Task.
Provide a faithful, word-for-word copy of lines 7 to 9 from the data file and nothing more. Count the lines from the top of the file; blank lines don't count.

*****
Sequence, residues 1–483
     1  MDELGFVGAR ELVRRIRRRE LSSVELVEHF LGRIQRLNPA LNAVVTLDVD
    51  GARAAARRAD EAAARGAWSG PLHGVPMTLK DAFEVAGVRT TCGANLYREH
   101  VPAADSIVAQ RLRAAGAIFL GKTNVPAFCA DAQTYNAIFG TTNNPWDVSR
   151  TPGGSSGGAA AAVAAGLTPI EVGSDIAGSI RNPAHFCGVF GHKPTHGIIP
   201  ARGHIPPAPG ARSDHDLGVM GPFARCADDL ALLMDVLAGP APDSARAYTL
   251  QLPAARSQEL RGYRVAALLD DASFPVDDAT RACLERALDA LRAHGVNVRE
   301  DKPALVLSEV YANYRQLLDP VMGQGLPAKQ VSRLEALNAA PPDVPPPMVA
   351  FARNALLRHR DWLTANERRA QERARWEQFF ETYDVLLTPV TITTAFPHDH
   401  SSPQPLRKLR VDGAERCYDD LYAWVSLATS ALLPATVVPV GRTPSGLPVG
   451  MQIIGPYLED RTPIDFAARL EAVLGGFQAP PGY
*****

   251  QLPAARSQEL RGYRVAALLD DASFPVDDAT RACLERALDA LRAHGVNVRE
   301  DKPALVLSEV YANYRQLLDP VMGQGLPAKQ VSRLEALNAA PPDVPPPMVA
   351  FARNALLRHR DWLTANERRA QERARWEQFF ETYDVLLTPV TITTAFPHDH